In vivo molecular imaging for immunotherapy using ultra-bright near-infrared-IIb rare-earth nanoparticles

Abstract

The near-infrared-IIb (NIR-IIb) (1,500–1,700 nm) window is ideal for deep-tissue optical imaging in mammals, but lacks bright and biocompatible probes. Here, we developed biocompatible cubic-phase (α-phase) erbium-based rare-earth nanoparticles (ErNPs) exhibiting bright downconversion luminescence at ~1,600 nm for dynamic imaging of cancer immunotherapy in mice. We used ErNPs functionalized with cross-linked hydrophilic polymer layers attached to anti-PD-L1 (programmed cell death-1 ligand-1) antibody for molecular imaging of PD-L1 in a mouse model of colon cancer and achieved tumor-to-normal tissue signal ratios of ~40. The long luminescence lifetime of ErNPs (~4.6 ms) enabled simultaneous imaging of ErNPs and lead sulfide quantum dots emitting in the same ~1,600 nm window. In vivo NIR-IIb molecular imaging of PD-L1 and CD8 revealed cytotoxic T lymphocytes in the tumor microenvironment in response to immunotherapy, and altered CD8 signals in tumor and spleen due to immune activation. The cross-linked functionalization layer facilitated 90% ErNP excretion within 2 weeks without detectable toxicity in mice.

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Fig. 1: Ultra-bright ~1,550 nm NIR-IIb luminescence of Zn-doped α-ErNPs.
Fig. 2: Biocompatible, rapid-excretable α-ErNPs for real-time NIR-IIb imaging under low-power LED excitation.
Fig. 3: ErNPs-aPDL1 mAb complex for in vivo PD-L1 molecular imaging and immunotherapy.
Fig. 4: In vivo two-plex NIR-IIb molecular imaging of immune responses using ErNPs-aPDL1 and PbS-aCD8 at the same ~1,600 nm emission range.
Fig. 5: In vivo two-plex NIR-IIb molecular imaging of PDL1 and CD8+ CTLs for assessing immune activation and responses.

Data availability

The data that support the findings of this study are available from the corresponding author upon reasonable request.

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Acknowledgements

This study was supported by the National Institutes of Health (grant no. DP1-NS-105737).

Author information

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Authors

Contributions

H. Dai and Y.Z. conceived and designed the experiments. Y.Z., Z.M., F.W., X.W., Y.Y., Y.L., X.Z. and J.L. performed the experiments. Y.Z., Z.M., F.W., X.W., Y.Y., Y.L., X.Z., J.L., H. Du, M.Z., Q.C., S.Z., Q.S., H.W., Y.T., Q.L., W.W., K.C.G. and H. Dai analyzed the data and wrote the manuscript. All authors discussed the results and commented on the manuscript.

Corresponding author

Correspondence to Hongjie Dai.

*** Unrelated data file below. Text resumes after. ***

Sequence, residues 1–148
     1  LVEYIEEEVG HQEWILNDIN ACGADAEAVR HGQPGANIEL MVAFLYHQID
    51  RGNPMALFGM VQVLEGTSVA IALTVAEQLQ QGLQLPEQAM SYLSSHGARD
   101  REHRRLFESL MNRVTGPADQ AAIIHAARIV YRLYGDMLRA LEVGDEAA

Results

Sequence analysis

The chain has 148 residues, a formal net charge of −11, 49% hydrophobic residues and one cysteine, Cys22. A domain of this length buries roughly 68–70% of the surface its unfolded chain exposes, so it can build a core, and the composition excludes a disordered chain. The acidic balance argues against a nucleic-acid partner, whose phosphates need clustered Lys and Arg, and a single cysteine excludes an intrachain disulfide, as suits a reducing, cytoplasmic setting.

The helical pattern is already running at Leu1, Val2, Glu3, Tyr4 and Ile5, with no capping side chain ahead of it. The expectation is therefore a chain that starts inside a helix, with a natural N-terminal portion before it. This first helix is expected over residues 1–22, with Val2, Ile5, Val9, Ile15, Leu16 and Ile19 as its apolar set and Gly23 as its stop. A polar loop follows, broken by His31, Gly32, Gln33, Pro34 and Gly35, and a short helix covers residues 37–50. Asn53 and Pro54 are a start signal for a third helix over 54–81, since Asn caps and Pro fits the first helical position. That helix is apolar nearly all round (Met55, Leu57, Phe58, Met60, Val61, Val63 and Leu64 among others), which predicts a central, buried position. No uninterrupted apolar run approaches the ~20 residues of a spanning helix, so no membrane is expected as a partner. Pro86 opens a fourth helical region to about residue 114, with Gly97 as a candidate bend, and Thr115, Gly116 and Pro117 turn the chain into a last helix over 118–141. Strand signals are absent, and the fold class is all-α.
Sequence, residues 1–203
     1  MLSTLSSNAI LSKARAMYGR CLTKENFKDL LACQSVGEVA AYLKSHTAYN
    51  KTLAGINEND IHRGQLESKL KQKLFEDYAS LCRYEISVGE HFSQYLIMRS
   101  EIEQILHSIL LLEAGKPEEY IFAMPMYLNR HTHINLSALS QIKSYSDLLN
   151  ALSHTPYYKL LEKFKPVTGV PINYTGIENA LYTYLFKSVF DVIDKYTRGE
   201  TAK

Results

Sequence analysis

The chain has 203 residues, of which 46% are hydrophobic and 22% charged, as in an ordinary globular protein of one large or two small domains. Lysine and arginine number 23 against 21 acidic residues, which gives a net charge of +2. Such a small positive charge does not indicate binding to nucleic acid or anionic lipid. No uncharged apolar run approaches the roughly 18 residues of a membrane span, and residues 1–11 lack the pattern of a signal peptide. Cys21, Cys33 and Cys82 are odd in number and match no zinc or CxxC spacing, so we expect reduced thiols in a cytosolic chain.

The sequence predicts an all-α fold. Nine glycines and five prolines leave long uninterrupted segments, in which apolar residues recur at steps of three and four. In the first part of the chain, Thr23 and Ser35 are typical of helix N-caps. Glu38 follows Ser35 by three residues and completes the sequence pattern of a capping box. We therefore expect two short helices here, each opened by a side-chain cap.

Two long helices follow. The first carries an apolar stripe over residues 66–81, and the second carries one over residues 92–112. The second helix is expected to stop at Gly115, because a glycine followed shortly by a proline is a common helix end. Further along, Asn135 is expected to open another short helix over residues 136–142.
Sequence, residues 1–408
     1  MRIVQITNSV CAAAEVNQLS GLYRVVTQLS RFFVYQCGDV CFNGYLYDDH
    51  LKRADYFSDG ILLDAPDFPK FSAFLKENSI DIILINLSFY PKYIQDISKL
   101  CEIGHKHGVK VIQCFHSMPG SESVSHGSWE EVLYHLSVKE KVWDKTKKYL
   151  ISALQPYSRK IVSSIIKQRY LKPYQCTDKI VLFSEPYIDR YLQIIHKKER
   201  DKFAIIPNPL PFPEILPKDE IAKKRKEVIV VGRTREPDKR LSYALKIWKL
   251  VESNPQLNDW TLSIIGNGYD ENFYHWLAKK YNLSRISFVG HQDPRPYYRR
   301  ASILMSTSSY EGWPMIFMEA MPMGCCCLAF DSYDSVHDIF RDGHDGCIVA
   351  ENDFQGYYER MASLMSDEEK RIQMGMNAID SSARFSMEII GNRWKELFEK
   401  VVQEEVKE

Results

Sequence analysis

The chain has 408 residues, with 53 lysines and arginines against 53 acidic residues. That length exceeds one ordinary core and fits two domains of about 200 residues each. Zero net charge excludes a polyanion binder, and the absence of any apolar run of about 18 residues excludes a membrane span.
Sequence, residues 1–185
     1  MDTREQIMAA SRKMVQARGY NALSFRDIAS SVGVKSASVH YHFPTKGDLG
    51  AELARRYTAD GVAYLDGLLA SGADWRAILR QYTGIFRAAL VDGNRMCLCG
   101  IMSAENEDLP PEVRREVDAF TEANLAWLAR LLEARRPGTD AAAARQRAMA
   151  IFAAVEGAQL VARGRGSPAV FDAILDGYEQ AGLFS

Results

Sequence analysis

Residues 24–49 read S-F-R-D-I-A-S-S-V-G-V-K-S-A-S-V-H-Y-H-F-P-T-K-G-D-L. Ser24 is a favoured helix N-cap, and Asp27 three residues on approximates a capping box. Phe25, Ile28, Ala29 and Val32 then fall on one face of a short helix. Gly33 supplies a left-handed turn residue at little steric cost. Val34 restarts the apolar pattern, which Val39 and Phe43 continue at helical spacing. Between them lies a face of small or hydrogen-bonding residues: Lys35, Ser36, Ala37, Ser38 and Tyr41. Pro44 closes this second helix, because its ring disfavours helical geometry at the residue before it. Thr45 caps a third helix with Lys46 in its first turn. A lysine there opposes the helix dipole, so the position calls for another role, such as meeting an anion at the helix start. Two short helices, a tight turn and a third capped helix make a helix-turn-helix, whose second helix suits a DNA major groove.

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Supplementary information

Supplementary Information

Supplementary Figs. 1–26 and Table 1.

Reporting Summary

Supplementary Video 1

Real-time NIR-IIb in vivo dynamic imaging of ErNP-labeled cerebral blood flow in a BALB/c mouse brain on 970 nm LED lamp excitation (15 mW cm−2). Total video time: 33.2 s, frame rate: 30 fps. Similar results for n > 3 independent experiments.

Supplementary Video 2

Real-time NIR-IIb in vivo dynamic imaging distinguished the vessels in mouse scalp and under the skull. Similar results for n > 3 independent experiments.

Supplementary Video 3

Ultra-fast NIR-IIb in vivo dynamic imaging of ErNP-labeled hindlimb blood flow in a BALB/c mouse on 980 nm diode laser excitation (100 mW cm−2). Total video time: 13.2 s, frame rate: 90 fps. Similar results for n > 3 independent experiments.

Supplementary Video 4

In vivo two-plex rotation imaging of a CT-26 tumor mouse intravenously injected with ErNPs-aPDL1 and PbS-aCD8 at 0 h, 24 h and 48 h post injection. Similar results for n = 3 independent experiments

Supplementary Video 5

In vivo rotation imaging of a CT-26 tumor mouse intravenously injected with PbS-aCD8 at 24 h post injection. Similar results for n = 3 independent experiments.

Supplementary Video 6

In vivo two-plex rotation imaging of a 4T1 tumor mouse intravenously injected with ErNPs-aPDL1 and PbS-aCD8 at 24 h post injection. Similar results for n = 3 independent experiments.

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Zhong, Y., Ma, Z., Wang, F. et al. In vivo molecular imaging for immunotherapy using ultra-bright near-infrared-IIb rare-earth nanoparticles. Nat Biotechnol 37, 1322–1331 (2019). https://doi.org/10.1038/s41587-019-0262-4

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